At some point, he found like-minded people – the Swede Eric Persson and the Swiss Karl Rappen – with whom the Euroseries was created for clubs that otherwise had no business in Europe. Let’s remember that at that time only the Champions and Cup Winners Cup series existed, that is, the second-third-fourth places in different leagues were left empty-handed.

In the first two seasons, Intertoto looked like a normal tournament: after eight subgroups, eight quarter-finalists were determined, which in turn determined four semi-finalists, which in turn determined two finalists, which in turn determined one winner.

However, things started to go downhill in the third season, i.e. 1963/64. The tournament was then expanded and instead of the previous 32 teams, 48 teams were accepted. First up was the group stage again, followed by… first round games? Because if 12 teams are participating, they cannot exactly be called the round of 16.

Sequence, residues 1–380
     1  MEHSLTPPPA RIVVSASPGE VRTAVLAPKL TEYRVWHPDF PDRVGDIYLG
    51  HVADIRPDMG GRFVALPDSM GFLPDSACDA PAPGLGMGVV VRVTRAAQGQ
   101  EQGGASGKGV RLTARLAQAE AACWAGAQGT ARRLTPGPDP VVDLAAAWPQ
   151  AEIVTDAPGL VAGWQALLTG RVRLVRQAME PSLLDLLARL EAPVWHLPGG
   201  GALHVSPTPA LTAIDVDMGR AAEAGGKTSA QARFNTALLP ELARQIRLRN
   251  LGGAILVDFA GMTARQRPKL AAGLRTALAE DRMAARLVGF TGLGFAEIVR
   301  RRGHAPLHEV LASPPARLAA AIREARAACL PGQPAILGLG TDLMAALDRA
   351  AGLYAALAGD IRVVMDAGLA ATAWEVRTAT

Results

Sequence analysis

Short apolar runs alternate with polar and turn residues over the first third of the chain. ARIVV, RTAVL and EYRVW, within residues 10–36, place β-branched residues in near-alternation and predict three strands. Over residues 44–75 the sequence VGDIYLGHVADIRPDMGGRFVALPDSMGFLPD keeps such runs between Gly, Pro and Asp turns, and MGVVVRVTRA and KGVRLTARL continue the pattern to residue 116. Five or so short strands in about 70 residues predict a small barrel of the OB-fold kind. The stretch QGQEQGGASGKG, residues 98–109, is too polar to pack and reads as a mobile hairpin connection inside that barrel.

But how were eight teams sorted out from the six couples? Of course, by helping the “better losers” to get ahead. That season, those were Italian Modena and Swedish Örgryte, who lost to Bratislava clubs Slovnaft and Slovan 3:4 and 1:2, respectively.

So long, play-offs

If you thought that was weird, you just wait… In 1967, the series’ frontrunners managed to miss the play-offs, meaning the Euro series began and ended with the group stage.

To understand why this decision was made, it is necessary to understand the background. Let’s look back to 1961 when Persson, Thommen and Rappan wanted to bring Intertoto under the auspices of UEFA but received a negative answer from the European association. The reason for that was the parties’ connections with betting offices.

Thus, the leading trio had no choice but to finance the tournament themselves somehow. Using their connections, they reached out to the Swiss newspaper Sport, who helped with the vital part. The emphasis here, however, is on the phrase “vital”.

It was all about the cost

Although bonuses were paid at Intertoto, the amounts were ridiculously small and did not allow the clubs to recoup the expenses incurred for the Euro season – travel was much more difficult and expensive at that time. Not to mention the profit.